Even after so many years, there are those who are reluctant to believe that the civil war is over and wish to continue refighting the battles that Lincoln won. The mission of the Southern Sentinel ( is “Don’t settle for what the victors or the media give you as truth, get the other sides of the story before you believe. Be proud of who you are and where you come from. I am here to help teach and learn the Truth, especially when it comes to Southern Heritage, God, and my Family.”

Like the Global Tamil Forum, Southern Sentinel believes the president was guilty of many crimes. Here are some of them:

  • Lincoln waged a war that cost the lives of 620,000 Americans. He murdered 50,000 innocent Southern civilians.
  • He arrested thousands of Marylanders suspected of Southern sympathies, and imprisoned many without trial for several years.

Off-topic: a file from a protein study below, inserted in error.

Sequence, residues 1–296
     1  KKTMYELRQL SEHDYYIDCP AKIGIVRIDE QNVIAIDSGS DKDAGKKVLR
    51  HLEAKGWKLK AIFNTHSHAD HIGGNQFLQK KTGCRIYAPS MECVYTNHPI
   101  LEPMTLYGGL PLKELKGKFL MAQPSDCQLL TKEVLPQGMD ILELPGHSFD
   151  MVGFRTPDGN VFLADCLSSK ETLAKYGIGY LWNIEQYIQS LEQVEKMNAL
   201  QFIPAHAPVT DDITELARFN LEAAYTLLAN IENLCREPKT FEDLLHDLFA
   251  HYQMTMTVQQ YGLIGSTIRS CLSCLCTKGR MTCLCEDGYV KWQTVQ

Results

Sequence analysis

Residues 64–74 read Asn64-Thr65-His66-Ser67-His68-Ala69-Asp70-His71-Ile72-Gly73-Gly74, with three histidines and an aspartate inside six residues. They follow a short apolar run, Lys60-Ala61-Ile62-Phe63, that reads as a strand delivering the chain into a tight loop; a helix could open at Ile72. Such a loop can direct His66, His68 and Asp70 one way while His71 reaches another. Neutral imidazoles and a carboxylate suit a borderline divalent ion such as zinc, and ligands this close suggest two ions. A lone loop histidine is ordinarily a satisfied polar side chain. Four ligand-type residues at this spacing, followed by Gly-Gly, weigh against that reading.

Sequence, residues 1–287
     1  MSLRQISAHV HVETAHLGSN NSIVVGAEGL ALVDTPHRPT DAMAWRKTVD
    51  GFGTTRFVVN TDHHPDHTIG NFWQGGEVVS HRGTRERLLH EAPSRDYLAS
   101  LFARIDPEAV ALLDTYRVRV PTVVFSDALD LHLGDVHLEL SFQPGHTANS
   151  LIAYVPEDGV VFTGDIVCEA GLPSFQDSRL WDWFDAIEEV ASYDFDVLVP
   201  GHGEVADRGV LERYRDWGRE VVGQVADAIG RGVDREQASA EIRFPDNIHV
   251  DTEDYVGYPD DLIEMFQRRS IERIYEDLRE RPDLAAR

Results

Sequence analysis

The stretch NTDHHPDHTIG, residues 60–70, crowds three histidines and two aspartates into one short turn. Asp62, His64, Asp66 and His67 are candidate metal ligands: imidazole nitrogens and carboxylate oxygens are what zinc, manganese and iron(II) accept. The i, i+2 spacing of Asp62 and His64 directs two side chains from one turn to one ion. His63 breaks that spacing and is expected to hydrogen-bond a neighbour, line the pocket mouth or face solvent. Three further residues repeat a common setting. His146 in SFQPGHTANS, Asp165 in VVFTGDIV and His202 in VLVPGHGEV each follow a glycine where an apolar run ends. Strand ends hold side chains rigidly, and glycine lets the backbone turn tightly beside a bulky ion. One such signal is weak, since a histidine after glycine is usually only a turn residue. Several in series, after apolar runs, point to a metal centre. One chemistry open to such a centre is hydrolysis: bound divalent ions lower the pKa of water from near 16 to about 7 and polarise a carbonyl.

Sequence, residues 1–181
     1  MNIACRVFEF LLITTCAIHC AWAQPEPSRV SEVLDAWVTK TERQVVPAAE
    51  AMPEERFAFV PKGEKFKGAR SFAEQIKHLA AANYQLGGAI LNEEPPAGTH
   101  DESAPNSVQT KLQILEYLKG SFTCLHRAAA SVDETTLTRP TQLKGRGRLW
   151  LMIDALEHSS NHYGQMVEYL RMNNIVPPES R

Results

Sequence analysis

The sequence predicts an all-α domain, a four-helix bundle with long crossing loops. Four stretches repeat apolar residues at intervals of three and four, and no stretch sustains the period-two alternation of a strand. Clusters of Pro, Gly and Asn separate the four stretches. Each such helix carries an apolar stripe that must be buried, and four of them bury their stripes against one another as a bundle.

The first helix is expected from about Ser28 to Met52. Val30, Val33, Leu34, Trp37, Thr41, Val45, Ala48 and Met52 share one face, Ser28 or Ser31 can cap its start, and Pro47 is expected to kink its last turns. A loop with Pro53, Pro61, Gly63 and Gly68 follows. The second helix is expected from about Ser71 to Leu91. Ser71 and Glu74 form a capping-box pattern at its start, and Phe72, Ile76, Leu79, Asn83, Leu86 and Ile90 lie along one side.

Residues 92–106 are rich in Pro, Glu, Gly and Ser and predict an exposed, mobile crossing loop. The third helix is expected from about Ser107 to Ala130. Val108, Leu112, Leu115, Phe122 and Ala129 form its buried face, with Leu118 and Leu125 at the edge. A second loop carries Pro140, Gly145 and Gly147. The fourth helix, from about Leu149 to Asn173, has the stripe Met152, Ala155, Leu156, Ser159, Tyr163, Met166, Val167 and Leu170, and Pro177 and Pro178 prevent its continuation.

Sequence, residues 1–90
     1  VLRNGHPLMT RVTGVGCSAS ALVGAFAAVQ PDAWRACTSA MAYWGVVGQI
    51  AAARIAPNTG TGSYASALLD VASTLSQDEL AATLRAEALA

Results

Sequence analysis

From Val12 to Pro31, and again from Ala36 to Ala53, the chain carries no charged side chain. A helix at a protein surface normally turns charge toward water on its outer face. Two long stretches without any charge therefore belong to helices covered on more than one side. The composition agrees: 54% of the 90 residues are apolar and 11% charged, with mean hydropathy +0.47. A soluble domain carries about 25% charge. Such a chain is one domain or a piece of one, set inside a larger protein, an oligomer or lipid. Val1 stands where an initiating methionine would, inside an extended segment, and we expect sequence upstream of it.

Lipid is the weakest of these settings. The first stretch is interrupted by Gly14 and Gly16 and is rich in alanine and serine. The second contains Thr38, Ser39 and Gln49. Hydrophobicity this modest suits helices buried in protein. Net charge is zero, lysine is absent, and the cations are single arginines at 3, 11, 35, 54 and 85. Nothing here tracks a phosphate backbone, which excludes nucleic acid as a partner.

• He unconstitutionally suspended the writ of habeas corpus.
  • He illegally shut down the presses of critics and imprisoned journalists.
  • He re-instated and promoted an Army officer who had been cashiered for war crimes.
  • He issued an arrest warrant for the Chief Justice when he refused to back his illegal actions.
  • Chief Justice Roger B Taney ruled that Lincoln’s actions were illegal, criminal and unconstitutional.
  • He ordered Federal troops to interfere with Northern elections.
  • He had his Generals burn US cities full of women and children to the ground.

In The Real Lincoln: A New Look at Abraham Lincoln, His Agenda, and an Unnecessary War, Thomas DiLorenzo argued that Lincoln instigated the American Civil War not over slavery but rather to centralize power in his own hands. DiLorenzo criticizes Lincoln for the suspension of habeas corpus, violations of the First Amendment, war crimes and the expansion of central government power. He asserts that, during the Civil War, Lincoln repeatedly flouted the law and often suspended the Constitution altogether.